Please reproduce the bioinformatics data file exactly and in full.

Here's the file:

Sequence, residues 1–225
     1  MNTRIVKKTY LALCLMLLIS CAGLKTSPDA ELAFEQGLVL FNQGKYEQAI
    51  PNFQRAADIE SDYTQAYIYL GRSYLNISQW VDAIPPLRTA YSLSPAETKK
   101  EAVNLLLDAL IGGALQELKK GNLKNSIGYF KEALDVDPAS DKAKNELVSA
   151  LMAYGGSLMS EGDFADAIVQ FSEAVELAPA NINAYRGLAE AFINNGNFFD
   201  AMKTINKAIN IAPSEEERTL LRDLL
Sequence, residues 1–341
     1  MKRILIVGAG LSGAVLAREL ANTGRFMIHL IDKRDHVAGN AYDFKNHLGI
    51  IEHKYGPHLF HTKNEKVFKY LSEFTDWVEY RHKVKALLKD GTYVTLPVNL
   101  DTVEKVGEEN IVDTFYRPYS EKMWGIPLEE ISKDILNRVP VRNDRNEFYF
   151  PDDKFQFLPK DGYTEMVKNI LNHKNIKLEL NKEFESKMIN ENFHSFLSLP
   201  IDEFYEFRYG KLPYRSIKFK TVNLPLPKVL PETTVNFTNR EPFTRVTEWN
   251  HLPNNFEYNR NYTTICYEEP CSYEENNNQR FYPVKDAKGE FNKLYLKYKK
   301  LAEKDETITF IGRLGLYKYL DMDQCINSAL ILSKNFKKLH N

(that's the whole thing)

Sequence, residues 1–225
     1  MNTRIVKKTY LALCLMLLIS CAGLKTSPDA ELAFEQGLVL FNQGKYEQAI
    51  PNFQRAADIE SDYTQAYIYL GRSYLNISQW VDAIPPLRTA YSLSPAETKK
   101  EAVNLLLDAL IGGALQELKK GNLKNSIGYF KEALDVDPAS DKAKNELVSA
   151  LMAYGGSLMS EGDFADAIVQ FSEAVELAPA NINAYRGLAE AFINNGNFFD
   201  AMKTINKAIN IAPSEEERTL LRDLL
Sequence, residues 1–341
     1  MKRILIVGAG LSGAVLAREL ANTGRFMIHL IDKRDHVAGN AYDFKNHLGI
    51  IEHKYGPHLF HTKNEKVFKY LSEFTDWVEY RHKVKALLKD GTYVTLPVNL
   101  DTVEKVGEEN IVDTFYRPYS EKMWGIPLEE ISKDILNRVP VRNDRNEFYF
   151  PDDKFQFLPK DGYTEMVKNI LNHKNIKLEL NKEFESKMIN ENFHSFLSLP
   201  IDEFYEFRYG KLPYRSIKFK TVNLPLPKVL PETTVNFTNR EPFTRVTEWN
   251  HLPNNFEYNR NYTTICYEEP CSYEENNNQR FYPVKDAKGE FNKLYLKYKK
   301  LAEKDETITF IGRLGLYKYL DMDQCINSAL ILSKNFKKLH N